Ten years ago, Matt Silva left Australian wrestling. Ten years later, Buddy Matthews is back to make his way back to the top of the mountain.
Matthews – WWE’s nee Buddy Murphy – captured the most prestigious title in the country Saturday night, reclaiming the Melbourne City Wrestling World Heavyweight Championship in a brutal war with Mitch Waterman at the Thornbury Theatre.
A house full of budding young superstar Waterman cheered as well as Matthews, now working for AEW, No. 2 in the US, thanks to the real-life story that brought them together.
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Waterman was a young fan when Matthews first left MCW. As his pre-fight buildup package showed, he can be spotted in the crowd during Matthews’ final match against longtime friend Adam Brooks, wrestling on April 13, 2013 in Tullamarine.
Matthews lost that match — as would be expected when a wrestler leaves a territory — before moving to Florida for a WWE development deal, which saw him spend eight years in the world’s largest pro wrestling company. His career peaked (appropriately) at the MCG when he won the WWE Cruiserweight Championship.
But, the spotlight on WWE television was only at that moment, Matthews left the company in 2021 and has since wrestled around the world – as permitted under the more open terms of AEW’s contract.
Returning to MCW late last year, now Matthews has regained the title he fought for almost exactly a decade ago (February 16, 2013).
“It’s one of those things where you realize the journey that I’ve been on over 10+ years,” Matthews explained after his win on Saturday night.
“It took a long time, but it was also very fast. It’s great to come back and remember — kind of sharing the wisdom that I went and found. It comes full circle.”
While Matthews explained that he wasn’t able to catch every MCW show while he was in the States — they now air the main shows on the Fite.TV platform, including the Saturday night event — he “heard back in the day about Mitch, and that he was going to be where he is today” because of his promise.
“To be inspiring him through those years, to make him want to be a wrestler my way out — and now he’s like the poster boy for MCW. I go back and mix it up with him, a new talent, it’s fun for me, it’s challenging for me,” Matthews said.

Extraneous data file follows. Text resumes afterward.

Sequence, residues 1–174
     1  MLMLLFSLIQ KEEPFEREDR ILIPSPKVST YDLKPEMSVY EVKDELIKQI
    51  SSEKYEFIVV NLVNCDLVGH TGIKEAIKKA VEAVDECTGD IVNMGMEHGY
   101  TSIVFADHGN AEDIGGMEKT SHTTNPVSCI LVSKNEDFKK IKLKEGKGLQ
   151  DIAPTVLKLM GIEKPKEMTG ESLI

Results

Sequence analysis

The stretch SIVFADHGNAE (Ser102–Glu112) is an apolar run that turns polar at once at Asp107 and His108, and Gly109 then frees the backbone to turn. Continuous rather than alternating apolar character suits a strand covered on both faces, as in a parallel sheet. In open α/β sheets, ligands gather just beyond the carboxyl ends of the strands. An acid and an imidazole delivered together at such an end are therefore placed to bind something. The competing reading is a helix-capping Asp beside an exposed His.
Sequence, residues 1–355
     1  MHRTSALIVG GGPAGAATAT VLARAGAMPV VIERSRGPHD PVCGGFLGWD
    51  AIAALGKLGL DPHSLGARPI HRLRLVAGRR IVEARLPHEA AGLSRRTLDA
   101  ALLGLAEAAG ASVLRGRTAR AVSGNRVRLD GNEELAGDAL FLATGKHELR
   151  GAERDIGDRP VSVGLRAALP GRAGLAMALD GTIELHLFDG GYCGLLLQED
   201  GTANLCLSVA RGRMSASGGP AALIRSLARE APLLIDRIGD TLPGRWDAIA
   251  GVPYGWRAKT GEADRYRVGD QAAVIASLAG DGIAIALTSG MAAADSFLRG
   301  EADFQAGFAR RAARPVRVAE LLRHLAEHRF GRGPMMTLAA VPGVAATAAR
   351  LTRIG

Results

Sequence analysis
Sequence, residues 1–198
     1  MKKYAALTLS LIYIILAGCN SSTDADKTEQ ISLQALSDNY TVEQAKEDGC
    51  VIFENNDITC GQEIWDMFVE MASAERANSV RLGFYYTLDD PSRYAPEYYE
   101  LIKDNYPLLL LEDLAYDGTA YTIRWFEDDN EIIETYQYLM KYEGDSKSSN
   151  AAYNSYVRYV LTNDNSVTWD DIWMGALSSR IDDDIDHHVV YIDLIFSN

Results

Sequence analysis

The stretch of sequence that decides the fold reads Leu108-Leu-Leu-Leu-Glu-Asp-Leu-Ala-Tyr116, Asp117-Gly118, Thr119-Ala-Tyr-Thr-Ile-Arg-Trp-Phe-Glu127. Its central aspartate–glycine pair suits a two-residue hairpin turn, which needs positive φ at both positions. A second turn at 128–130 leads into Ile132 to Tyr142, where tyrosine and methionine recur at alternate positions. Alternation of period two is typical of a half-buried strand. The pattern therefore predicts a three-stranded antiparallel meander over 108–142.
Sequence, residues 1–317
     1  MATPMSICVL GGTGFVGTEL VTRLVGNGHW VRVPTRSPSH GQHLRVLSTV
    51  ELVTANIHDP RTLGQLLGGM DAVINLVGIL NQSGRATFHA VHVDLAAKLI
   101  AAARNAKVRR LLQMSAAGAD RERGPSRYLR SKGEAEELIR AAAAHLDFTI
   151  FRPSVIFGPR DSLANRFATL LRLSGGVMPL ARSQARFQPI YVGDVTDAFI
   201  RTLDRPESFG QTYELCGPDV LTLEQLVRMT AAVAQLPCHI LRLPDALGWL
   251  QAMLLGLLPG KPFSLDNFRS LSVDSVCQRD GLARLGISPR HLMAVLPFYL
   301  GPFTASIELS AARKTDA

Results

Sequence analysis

“I enjoy imparting that wisdom. Making my brain think. I have a mind that, if I don’t share it, I’m selfish. So I think MCW is the pinnacle of Australian wrestling, and if I can be here and help show that on a bigger stage – I’ve got the flag now, Let me run.”
MCW has been a big player on a national level for quite some time. Before the pandemic, they worked with New Japan Pro Wrestling and featured superstars like Kazuchika Okada and Tetsuya Naito, but since a change in management — and with global travel becoming more difficult in recent years — that relationship has slowed.
Instead, they focused on working with the biggest companies in Australia’s other capitals, such as Sydney Pro Wrestling Australia (PWA) and Adelaide’s Riot City Wrestling (RCW), and booking their own superstars.
The latter was where Royal Rumble winner Rhea Ripley got her start; Foxsports.com.au You realize she was at MCW’s event on Saturday to cheer on her partner, Matthews.
“The shows have gotten a lot better. It’s a whole bunch of entertainment, as you saw tonight—it had a mix of everything, for everyone.”
“They’re taking these steps forward. So they pull me in, knowing which direction they want to go, I want to be way out of it. I want to hop on the train.”
“Ultimately, my goal is to show Australian wrestling on free TV – the talent is here, the production is here, so I dream big.”
Matthews’ appearance on Saturday certainly helped draw one of the biggest and hottest crowds in MCW since before the pandemic, and as champion it’s clear he’ll be back.
The post-match angle saw local stars Sleeks, Tommy Knight and Mick Moretti appear, along with former champion Waterman, to challenge Matthews for his new title. The champion was cautious about whether his first defense would be at MCW’s next show on April 8.
“It’s all about the travel—it’s how often I want to hop on a plane and travel for 30 hours,” he explained, back home.
“Seeing my family is everything, and my WWE schedule has been so hectic. Not that it isn’t, but AEW – I’m so lucky to work for a company that allows me to go see my family. Pop out and help these guys. It’s really cool that you come and do that.
“After all, I’m Australian. As far as I lived in America and I’m an American now, it’s my home, and it’s good to get away.”
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